February 07, 2009

Accepting Your Rights

Bora, ever the source of useful links on deconstructing the mainstream media, pointed me to Jay Rosen and Glenn Greenwald on Bill Moyers's Journal. There is lots of good stuff there about the inherent conservatism (not necessarily politically, but some of that too) of the Washington press corps, but it was something else that caught my eye.

GLENN GREENWALD: I think the idea of street demonstrations is probably the most stigmatized idea in our political process. There were huge marches, for instance, prior to the Iraq war, against the war. There were hundreds of thousands of people, millions of people throughout Europe marching in the streets against the war.

And yet, the media virtually excluded those demonstrations from the narrative, because they're threatening, and because they're considered to be the act of unserious radicals and people who are on the fringe, and I think that in some sense, that's reflective of the fact that that level of agitation is probably the most threatening to the people who have a vested in having the system continue unchanged.

I was reminded, as I am periodically, that our political voices are not granted to us by our political system. Our rights are not something handed to us by someone else. That may be the narrative, but it's not the truth. The truth is much more threatening.

We won our voices by revolution. We've carved out every right that is recognized by demonstrating that we were willing to disrupt and even to destroy if we didn't get them. The rare cases have been when we've had to destroy on any large scale, but we've always had to threaten convincingly.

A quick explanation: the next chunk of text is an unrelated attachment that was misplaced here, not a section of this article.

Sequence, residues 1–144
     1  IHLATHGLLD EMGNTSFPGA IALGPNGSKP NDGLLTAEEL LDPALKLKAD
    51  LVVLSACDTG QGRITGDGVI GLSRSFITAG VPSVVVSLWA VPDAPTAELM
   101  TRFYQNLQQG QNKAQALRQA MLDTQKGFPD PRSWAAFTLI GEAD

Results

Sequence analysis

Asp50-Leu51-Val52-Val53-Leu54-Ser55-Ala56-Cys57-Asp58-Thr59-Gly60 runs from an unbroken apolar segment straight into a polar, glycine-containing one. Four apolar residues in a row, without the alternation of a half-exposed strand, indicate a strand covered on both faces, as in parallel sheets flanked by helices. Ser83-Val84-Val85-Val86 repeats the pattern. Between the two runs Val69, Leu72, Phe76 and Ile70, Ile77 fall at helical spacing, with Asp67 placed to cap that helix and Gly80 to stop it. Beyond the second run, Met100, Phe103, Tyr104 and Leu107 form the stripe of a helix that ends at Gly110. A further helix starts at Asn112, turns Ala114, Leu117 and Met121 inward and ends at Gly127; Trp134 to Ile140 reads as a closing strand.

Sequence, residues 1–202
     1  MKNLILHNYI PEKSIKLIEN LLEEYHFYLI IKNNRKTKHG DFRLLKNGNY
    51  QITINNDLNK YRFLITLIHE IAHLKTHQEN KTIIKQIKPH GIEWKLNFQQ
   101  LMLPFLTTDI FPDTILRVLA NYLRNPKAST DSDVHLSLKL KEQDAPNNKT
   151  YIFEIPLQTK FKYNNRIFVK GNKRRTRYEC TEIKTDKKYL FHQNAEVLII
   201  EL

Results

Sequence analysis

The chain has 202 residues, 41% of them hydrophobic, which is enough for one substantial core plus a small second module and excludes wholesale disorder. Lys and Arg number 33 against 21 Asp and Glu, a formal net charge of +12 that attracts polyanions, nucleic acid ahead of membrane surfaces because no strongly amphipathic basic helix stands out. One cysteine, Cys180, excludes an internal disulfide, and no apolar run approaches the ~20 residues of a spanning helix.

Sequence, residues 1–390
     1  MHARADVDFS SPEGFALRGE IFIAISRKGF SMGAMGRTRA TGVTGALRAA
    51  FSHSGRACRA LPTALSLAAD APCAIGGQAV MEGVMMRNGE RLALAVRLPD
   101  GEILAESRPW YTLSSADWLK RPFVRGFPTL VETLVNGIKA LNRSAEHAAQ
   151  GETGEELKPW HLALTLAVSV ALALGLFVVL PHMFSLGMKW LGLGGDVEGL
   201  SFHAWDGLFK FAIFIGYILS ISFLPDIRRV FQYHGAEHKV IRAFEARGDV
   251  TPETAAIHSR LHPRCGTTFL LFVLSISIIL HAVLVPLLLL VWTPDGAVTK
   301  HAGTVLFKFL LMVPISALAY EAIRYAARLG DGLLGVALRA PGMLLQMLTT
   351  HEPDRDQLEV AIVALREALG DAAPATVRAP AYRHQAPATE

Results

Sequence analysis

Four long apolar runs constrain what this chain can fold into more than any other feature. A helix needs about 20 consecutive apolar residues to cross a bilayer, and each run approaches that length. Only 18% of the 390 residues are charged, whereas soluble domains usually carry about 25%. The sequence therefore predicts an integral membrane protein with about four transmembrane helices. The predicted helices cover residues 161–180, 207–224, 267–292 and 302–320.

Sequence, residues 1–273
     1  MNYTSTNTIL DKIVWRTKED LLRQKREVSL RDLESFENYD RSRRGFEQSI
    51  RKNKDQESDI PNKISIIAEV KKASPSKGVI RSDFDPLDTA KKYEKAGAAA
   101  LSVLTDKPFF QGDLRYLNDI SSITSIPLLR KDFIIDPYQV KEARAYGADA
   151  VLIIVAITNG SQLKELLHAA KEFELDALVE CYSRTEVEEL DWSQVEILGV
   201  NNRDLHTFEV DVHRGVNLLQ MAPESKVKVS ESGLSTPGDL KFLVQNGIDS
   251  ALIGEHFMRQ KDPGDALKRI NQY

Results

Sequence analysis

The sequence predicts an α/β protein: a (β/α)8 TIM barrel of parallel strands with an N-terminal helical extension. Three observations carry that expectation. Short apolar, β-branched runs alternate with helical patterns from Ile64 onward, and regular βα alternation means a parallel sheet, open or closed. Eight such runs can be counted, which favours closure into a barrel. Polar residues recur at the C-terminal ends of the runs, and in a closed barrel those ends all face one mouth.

There's more in the transcript (and video) about some small ways to demonstrate your willingness to disrupt. We had to do it to get the election we wanted. Let's not stop now.

Update: Bora saves me much time writing a follow-up post to go into detail on what I mean on this one. He's very good that way.


Rick said...

The interesting thing is that the more regimented a society is the less it can adapt to unusual circumstances and is therefor easier to disrupt. It makes me think if the scene where the Harlequin disrupts a regimented shift change by dumping jelly beans on them in Harlan Ellison's "'Repent, Harlequin!' Said the Ticktockman".

Stephanie Zvan said...

Rick, I think you'd like Bora's post that I just added a link to. He makes the point very nicely about how easy it is to disrupt (no jellybeans, though).